In another exemplary embodiment, and not intended to be limiting, a segment of a segmented modular solid oxide fuel cell device can comprise one or more fuel packets and one or more oxidant packets. As exemplified in FIG. 2, each fuel packet 250 can comprise a frame 210 which can support a first electrode assembly 220 and a second electrode assembly 240, and an anode chamber 260 disposed therebetween. The first electrode assembly can comprise a first planar electrolyte sheet 222 having a plurality of anodes 224 disposed on a first surface 226 thereof. A plurality of cathodes can also be disposed on an opposed second surface of the first electrolyte sheet. The second electrode assembly 240 can similarly comprise a second planar electrolyte sheet also having a plurality of anodes disposed on a first surface thereof. A plurality of cathodes can also be disposed on an opposed second surface of the second electrolyte sheet. With reference to FIG. 3, the plurality of electrodes 350 deposited on the opposed first 320 and second surface 330 of an electrolyte sheet 310 are in electrical communication, provided by electrical vias or metal filled conduits 370 extending through the electrolyte sheet from the first surface to the opposed second surface thereof and to form multiple cells in series.

In this embodiment, the fuel cell packet frame can then support the first and second electrode assemblies such that the respective first and second electrode assemblies are separated from one another and such that the respective first surfaces of the respective first and second electrolyte sheets face each other and define an anode chamber. Still further, the fuel cell packet frame can define a fuel inlet in fluid communication with the anode chamber for introducing fuel into the anode chamber.

Similarly, an oxidant packet can comprise a body having a pair of opposed and spaced apart side walls and further defining an interior volume therebetween. The body can form an oxidant inlet port in fluid communication with the interior volume, and at least one outlet port also in fluid communication with the interior volume.

With reference again to FIG. 1, a fuel cell housing 200 can support a plurality of “n” segments in a stacked arrangement. Within each segment, one or more multiple fuel packets can be placed together with intervening oxidant packets to form a fuel cell segment. In one specific embodiment, the plurality of modular oxidant packets are positioned in spaced opposition and define oxidant chambers therebetween, wherein each of the modular fuel packets is positioned within one of the oxidant chambers. According to this embodiment, the oxidant packets separate the fuel packets. Further, the oxidant outlets of an adjacent pair of modular oxidant packets are in fluid communication with the oxidant chamber defined therebetween to supply oxidant to the cathode sides of neighboring fuel cell packets disposed in the oxidant chamber. The oxidant inlet and outlets can also be connected together via either internal or external plenums that can transport fresh oxidant to each packet and that can exhaust any spent oxidant.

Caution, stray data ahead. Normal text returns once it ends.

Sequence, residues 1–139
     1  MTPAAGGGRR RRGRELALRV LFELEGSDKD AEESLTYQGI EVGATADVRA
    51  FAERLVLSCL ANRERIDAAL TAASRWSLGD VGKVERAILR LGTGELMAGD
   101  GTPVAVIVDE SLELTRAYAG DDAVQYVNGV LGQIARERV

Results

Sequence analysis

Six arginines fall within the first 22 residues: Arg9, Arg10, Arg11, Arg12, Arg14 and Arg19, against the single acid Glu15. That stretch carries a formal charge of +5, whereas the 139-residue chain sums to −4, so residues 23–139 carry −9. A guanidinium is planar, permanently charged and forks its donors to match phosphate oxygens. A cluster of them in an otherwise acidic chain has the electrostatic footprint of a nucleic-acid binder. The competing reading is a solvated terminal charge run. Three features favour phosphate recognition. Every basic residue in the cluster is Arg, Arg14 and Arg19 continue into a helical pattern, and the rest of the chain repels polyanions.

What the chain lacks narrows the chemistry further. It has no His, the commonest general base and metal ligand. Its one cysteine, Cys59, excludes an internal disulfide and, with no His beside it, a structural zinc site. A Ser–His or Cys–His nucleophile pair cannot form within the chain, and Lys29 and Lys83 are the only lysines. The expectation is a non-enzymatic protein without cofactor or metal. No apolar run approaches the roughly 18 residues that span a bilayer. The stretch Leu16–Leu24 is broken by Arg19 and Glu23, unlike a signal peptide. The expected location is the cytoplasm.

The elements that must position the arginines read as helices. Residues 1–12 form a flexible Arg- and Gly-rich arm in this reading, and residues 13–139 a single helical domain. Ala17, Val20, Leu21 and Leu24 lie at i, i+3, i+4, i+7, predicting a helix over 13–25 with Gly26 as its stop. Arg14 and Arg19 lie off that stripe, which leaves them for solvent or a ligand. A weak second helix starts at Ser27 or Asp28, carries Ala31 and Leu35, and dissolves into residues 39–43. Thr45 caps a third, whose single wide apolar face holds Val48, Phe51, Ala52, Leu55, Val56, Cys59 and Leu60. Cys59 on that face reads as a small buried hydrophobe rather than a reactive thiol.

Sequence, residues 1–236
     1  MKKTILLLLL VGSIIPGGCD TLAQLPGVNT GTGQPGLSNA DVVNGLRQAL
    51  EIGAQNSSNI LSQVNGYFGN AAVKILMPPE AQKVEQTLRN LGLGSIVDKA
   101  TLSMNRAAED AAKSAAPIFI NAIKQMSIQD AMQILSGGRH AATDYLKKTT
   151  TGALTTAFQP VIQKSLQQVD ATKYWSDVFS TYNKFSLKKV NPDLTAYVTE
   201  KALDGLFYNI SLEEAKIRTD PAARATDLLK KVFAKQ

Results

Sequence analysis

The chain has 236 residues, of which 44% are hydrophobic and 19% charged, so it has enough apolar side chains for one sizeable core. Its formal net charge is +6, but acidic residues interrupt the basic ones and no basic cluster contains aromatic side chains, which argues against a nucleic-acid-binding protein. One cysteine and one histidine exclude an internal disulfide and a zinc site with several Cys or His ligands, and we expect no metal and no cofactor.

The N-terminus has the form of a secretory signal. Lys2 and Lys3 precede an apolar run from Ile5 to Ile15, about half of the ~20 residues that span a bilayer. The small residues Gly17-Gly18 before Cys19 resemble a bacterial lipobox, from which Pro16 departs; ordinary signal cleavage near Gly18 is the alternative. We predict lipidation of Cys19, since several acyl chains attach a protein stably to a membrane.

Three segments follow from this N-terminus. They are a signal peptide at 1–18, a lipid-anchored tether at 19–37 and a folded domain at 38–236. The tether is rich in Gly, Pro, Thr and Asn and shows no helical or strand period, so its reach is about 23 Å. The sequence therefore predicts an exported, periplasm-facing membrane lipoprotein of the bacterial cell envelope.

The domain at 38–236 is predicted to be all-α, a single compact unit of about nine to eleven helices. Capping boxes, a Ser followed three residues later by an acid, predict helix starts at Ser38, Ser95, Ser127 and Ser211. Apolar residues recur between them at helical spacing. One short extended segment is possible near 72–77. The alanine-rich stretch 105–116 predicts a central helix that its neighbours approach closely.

The individual selectivity or addressability of the plurality of segments in this embodiment is shown schematically in FIG. 4. By dividing the stack into segments, each segment can be operated independently. For illustration of the segments, dual oxidant packets are shown at the boundaries of the segment; however, it should be understood that these are not required as a single oxidant packet can be used to introduce oxidant to each of the neighboring fuel cell packets. Further, the individual packets or even subgroups of individual packets within the modularized fuel cell device of the present invention can be selectively operated in any desired combination at any given time.